Russia wins, Czechs check out

Bobkov makes 39 saves, Tarasenko pots two goals

31.12.2009
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Brandt Centre Regina Saskatchewan CANADA

Russia's Vladimir Tarasenko (#10) gets the game winning goal past Czech goalie Jakub Sedlacek. Photo: Matthew Manor / HHOF-IIHF Images

REGINA – With a 5-2 victory over the Czech Republic on New Year's Eve, Russia wrapped up second place in Group B. Russia advances to a quarter-final meeting with Switzerland on January 2, while the Czechs are doomed to play in the Relegation Round.

Russia – Czech Republic 5-2 (1-0, 1-1, 3-1)

"It was a pretty tough game, as usual in this tournament," said Russian captain Nikita Filatov. "The main thing is that we won this game."

Shots favoured the Czechs 41-26, marking the third straight game that the Russians have allowed more than 40 shots on goal.

However, goalie Igor Bobkov turned in another stellar performance en route to his fourth win, outdueling Czech netminder Jakub Sedlacek. Thus far, the 18-year-old product of the Metallurg Magnitogorsk system has lived up to the #20 on his jersey, the number of Vladislav Tretiak and Evgeni Nabokov.

"If Bobkov keeps playing this way, we've got a great chance," Filatov said.

Vladimir Tarasenko scored two goals, including the third-period winner, and Kirill Petrov, Maxim Chudinov and Alexander Burmistrov also tallied for Russia. Jan Kana and Stepan Novotny replied for the Czechs.

"We only scored two goals, and you can't win a game like that against Russia," said Czech captain Michal Jordan. "I don't know what to say. If we'd beaten Finland, we'd be in the playoffs. But that's hockey. Now we've got to try to stay in the top division."

The teams got off to a high-tempo, hard-hitting start tempered by defensive caution. Russia struck first on the power play when Tarasenko deftly snapped home a cross-crease feed from Burmistrov at 7:46. A couple of minutes later, Bobkov made a fantastic save off Novotny on a give-and-go rush with Roman Horak.

Poor discipline marred Russia's efforts as the game wore on. Vyacheslav Kulemin was sent off for roughing after the whistle, and Magomed Gimbatov threw a unnecessarily high hit deep in the Czech zone. Yet despite holding a 13-7 first-period edge in shots on goal, the Czechs couldn't cash in.

Yevgeni Timkin was ejected for a hit to the head early in the second, and the Czechs kept shooting. But goalie Bobkov was equal to the challenge, coolly corralling whatever his opponents hurled his way.

The teams traded chances midway through the game, Tomas Knotek ringing a shot off Bobkov's left post and Burmistrov getting checked at the last second on a partial breakaway.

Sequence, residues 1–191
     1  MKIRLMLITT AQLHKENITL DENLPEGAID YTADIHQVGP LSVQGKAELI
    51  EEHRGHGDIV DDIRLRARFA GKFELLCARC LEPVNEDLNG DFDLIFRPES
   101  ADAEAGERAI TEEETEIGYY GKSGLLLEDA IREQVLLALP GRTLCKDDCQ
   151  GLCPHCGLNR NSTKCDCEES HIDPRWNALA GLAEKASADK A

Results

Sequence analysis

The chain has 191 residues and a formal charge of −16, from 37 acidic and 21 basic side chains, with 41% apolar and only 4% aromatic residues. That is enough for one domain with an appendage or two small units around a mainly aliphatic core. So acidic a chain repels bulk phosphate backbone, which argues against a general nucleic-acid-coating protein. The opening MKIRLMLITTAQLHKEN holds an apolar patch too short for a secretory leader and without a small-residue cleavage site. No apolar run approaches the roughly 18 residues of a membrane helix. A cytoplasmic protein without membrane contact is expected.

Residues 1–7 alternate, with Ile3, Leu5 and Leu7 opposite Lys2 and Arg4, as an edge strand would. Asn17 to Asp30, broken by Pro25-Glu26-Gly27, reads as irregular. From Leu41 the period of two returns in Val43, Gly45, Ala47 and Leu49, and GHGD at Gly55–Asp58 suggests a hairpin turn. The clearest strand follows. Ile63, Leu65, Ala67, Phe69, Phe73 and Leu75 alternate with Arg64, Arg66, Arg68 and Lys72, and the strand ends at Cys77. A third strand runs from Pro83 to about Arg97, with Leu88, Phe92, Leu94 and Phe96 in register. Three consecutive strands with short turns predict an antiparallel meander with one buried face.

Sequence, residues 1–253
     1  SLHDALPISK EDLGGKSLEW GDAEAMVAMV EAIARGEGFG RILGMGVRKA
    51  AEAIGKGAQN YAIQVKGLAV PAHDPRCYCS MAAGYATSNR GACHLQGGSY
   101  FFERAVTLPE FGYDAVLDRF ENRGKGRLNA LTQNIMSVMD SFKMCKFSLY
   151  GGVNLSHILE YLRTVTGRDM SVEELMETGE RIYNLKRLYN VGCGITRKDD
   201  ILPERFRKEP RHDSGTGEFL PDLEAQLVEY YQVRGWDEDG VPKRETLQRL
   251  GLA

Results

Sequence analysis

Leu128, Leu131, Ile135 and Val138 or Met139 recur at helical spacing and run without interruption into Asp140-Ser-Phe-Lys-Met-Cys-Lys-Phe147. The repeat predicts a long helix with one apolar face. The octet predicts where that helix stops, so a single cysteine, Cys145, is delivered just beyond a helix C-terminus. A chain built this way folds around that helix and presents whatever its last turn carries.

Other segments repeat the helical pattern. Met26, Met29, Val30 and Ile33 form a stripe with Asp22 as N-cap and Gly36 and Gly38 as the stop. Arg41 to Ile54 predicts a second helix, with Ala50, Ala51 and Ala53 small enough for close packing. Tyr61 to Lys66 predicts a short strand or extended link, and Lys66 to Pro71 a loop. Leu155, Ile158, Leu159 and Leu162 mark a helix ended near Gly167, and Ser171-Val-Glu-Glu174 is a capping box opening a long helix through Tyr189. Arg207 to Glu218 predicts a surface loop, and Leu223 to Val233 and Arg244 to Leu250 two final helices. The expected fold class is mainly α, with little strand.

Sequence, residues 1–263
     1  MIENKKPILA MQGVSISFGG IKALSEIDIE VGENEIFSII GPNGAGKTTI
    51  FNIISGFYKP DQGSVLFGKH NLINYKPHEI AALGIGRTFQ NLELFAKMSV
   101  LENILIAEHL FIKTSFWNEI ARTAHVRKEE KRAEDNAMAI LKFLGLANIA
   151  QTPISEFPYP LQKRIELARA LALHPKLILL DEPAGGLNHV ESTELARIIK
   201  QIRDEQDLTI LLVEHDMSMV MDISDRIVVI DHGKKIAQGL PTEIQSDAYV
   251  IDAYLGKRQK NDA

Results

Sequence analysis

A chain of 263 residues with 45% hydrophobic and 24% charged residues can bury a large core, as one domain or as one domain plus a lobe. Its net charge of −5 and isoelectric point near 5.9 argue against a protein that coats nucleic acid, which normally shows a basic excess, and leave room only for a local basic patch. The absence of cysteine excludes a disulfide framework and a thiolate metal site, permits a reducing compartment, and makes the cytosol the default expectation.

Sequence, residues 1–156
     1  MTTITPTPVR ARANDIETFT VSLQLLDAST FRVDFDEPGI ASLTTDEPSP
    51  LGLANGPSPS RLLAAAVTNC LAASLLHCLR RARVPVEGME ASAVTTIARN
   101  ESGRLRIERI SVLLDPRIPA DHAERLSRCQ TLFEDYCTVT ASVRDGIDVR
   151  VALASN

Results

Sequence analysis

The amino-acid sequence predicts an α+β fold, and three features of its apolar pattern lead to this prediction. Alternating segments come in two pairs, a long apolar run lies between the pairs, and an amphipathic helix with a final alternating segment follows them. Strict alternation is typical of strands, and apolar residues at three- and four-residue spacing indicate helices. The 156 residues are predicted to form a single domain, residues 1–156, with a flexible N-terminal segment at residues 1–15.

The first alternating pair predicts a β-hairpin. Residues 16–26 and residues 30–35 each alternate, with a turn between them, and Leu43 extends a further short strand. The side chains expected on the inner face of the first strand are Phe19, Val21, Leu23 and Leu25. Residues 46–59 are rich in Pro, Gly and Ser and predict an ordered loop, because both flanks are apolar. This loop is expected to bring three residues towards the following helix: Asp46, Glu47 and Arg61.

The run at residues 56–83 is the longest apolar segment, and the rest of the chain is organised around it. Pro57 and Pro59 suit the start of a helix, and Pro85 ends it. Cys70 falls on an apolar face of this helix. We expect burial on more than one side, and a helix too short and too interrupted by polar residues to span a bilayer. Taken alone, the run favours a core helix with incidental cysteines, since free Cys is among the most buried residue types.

The Russians stretched their lead to 2-0 at the 12-minute mark of the second when Petrov banged the puck past a kneeling Sedlacek.

Kana struck back for the Czech Republic with 3:30 left in the middle frame, scoring his team-best third goal of the tournament. He beat Bobkov five-hole on a breakaway with the man advantage to make it 2-1.

The Czechs finally got the equalizer with 5:59 left in the game, as Novotny grabbed a loose puck down low and stuffed it past Bobrov's left skate. A horrendous Czech defensive breakdown enabled Russia to pull ahead again just 52 seconds later, however. Tarasenko skated in on a 2-on-0 break and beat Sedlacek with a low stick-side wrister. It was the decisive moment.

Head coach Vladimir Plyushchev immediately called a timeout to ensure his players knew what to do down the stretch.

"I reminded them we had about five minutes to play, and we should calm down and realize the situation," said Plyushchev. "Just play normally, don't be stressed."

The message worked. At 18:48 of the third, Chudinov ensured Russia's victory when he stepped in from the left side and flung a wrister through the goalie's pads. Burmistrov added the 5-2 tally with 41 seconds left.

"We needed three points and didn’t score the goals we needed at the end," said disappointed Czech defenceman Vladimir Roth. "We made a couple of mistakes, and they scored a couple of goals. It’s pretty hard for us."

The Russians saluted the crowd as they skated off after the final tournament game played in Regina.

Plyushchev saluted his goaltender's performance, too, with a smile: "Bobkov likes to face a lot of shots. Actually, he thanks the coach for not awarding him Player of the Game until tonight. He made it a goal to get that honour."

Looking ahead to the quarter-finals, Filatov admitted: "I don't know much about this Swiss team. But I've heard they'll be a tough and fast team, playing a North American style."

Filatov earned two assists against the Czechs, but has had a quiet tournament offensively so far, with just one goal. At the 2009 World Juniors, the talented left wing cracked the tournament all-star team with eight goals and three assists.

"I've got a different role this year," said Filatov. "Last year I had more chances to score because I didn't play penalty killing and stuff like that. I didn't think so much about defence. But now I'm pretty happy with how I'm playing. If I don't score another goal but we win a gold medal, I'll be happy."

This was the sixth straight Russian win over the Czechs at the World Juniors dating back to 2005. The last Czech victory over Russia was a 1-0 decision in the 2000 gold medal game.

The Russians are seeking their sixth straight World Junior medal (silver 2005-07, bronze 2008-09), although they haven't captured gold since 2003. The Czechs haven't won a medal at this tournament since 2005's bronze.

LUCAS AYKROYD

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